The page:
The wealth of archaeological and historic value that has been generated from this site is truly amazing. Standing at the summit, you can feel quite alone and isolated, but this site has seen nearly seven centuries’ worth of activity.
It can be utterly breath-taking to realize.
No matter how you choose to look at it, there is always going to be a new angle to view this site from. History buffs are going to adore learning more about this, but biblical scholars will also no doubt find plenty to love too.
Even if you only have a passing interest in the Roman Empire, the activities of the time, particularly here in the Middle East, are some of the most interesting parts of the Empire’s history. There is a multitude of books and sources from top scholars and academics to choose from.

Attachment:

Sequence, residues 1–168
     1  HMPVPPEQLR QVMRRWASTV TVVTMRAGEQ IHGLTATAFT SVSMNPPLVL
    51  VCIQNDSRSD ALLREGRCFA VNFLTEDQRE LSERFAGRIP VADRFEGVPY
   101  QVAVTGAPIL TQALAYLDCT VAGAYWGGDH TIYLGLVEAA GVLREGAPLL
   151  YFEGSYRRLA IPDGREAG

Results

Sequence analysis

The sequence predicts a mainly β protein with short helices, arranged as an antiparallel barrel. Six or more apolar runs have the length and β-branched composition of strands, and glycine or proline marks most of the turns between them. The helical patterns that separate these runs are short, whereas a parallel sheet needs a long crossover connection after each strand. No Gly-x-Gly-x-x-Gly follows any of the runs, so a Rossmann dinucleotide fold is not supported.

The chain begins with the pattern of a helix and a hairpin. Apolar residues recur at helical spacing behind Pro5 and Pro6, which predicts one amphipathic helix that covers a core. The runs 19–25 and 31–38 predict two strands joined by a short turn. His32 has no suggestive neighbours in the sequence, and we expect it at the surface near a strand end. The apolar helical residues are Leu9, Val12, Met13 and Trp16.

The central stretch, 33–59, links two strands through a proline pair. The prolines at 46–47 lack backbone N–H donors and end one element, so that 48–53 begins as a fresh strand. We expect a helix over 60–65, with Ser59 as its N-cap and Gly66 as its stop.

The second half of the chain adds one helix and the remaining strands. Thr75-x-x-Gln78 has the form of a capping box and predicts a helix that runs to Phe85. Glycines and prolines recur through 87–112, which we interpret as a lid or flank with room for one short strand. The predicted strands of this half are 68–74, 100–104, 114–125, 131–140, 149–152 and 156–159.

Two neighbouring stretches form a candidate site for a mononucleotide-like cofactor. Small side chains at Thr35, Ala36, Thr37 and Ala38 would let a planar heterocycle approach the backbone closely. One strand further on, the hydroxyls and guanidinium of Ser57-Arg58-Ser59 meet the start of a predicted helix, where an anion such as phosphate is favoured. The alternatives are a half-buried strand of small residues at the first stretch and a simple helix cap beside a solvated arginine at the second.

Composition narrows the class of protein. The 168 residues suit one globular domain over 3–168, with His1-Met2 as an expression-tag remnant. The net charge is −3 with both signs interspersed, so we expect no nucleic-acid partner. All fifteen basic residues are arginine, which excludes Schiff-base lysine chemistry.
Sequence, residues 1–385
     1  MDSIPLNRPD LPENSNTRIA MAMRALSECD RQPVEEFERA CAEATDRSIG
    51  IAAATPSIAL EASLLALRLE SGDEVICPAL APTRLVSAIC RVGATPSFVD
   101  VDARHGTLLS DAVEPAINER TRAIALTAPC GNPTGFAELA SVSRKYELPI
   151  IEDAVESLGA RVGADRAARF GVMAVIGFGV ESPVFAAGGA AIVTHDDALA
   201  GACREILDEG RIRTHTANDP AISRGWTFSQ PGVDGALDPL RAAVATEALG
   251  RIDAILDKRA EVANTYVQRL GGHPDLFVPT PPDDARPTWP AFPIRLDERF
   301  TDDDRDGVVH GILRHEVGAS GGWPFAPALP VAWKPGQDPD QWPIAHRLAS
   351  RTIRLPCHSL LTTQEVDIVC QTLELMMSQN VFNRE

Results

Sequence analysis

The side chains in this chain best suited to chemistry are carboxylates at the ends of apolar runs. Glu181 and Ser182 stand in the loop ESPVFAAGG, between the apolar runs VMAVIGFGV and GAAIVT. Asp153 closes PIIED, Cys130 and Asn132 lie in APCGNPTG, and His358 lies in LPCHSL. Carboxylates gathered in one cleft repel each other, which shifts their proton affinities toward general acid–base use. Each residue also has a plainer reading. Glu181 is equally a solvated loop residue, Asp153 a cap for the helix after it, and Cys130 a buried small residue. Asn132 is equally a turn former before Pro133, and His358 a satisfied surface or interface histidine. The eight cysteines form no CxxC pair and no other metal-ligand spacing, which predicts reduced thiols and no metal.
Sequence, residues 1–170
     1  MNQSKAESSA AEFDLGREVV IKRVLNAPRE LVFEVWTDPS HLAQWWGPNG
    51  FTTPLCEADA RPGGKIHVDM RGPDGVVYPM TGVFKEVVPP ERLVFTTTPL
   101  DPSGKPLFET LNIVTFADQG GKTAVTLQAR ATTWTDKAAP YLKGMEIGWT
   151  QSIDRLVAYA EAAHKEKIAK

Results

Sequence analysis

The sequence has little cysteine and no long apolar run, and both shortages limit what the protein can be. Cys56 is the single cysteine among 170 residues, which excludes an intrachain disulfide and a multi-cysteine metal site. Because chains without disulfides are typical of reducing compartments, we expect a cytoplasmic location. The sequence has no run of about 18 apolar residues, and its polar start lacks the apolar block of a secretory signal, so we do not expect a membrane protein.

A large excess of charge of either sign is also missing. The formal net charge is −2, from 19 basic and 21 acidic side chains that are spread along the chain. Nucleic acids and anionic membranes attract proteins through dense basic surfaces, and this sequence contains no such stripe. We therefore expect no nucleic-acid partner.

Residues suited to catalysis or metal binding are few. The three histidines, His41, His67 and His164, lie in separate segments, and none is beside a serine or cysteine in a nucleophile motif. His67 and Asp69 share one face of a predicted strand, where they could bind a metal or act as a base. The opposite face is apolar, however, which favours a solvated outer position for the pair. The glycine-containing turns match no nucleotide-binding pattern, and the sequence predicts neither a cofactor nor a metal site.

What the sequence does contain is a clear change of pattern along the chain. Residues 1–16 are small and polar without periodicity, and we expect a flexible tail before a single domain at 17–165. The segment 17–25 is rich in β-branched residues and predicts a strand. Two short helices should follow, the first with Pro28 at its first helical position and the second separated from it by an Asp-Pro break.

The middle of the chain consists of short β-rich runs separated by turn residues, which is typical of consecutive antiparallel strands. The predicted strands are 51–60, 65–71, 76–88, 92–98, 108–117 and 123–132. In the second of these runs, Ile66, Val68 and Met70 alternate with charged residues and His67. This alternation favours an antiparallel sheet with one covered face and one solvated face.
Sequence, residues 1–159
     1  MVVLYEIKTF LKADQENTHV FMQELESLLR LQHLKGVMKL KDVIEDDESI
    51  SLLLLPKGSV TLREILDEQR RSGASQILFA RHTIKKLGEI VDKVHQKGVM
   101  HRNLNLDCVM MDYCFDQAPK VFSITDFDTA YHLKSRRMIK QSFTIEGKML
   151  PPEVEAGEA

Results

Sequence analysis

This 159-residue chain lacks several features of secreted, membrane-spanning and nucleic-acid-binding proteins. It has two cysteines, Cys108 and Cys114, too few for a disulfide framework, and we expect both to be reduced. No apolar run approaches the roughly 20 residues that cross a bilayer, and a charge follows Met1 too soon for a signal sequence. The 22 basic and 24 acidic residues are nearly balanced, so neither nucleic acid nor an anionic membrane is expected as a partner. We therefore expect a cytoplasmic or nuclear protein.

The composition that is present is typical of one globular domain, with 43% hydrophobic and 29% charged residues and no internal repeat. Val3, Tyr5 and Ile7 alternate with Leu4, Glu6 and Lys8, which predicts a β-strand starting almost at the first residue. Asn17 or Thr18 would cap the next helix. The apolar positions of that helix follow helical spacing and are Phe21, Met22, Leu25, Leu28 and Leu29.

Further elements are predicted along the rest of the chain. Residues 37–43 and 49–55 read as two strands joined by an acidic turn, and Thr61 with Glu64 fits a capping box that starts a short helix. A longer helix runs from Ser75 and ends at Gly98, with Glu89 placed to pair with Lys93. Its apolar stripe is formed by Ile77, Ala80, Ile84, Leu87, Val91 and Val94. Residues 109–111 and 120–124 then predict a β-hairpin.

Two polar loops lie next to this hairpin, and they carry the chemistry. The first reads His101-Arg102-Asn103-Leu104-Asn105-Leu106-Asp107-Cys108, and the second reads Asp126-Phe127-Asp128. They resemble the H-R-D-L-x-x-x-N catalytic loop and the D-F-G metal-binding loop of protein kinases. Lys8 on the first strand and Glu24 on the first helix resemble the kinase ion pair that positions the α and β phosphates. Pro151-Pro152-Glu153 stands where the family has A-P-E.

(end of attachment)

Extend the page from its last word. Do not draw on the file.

By putting in the effort to conduct a little research beforehand, you will feel a lot more confident at the site. Instead of viewing the structures passively, you will be able to make strong connections between what you have read about and what is in front of you.
Overall, you will hopefully have a much deeper and more meaningful experience than someone who is just visiting because it is part of their tour’s itinerary.
There is absolutely nothing wrong with the latter, but this is such a historic site that further research is always going to be beneficial for visitors. Take the time to read up on the site before you visit. You won’t regret it.
Hiking the Snake’s Path
One of the best ways to visit Masada involves a hike. The Snake’s Path is one of the options for walking. With the visitor’s centre at approximately 400m below sea level and the mesa standing 450m high, this is a fairly substantial hike.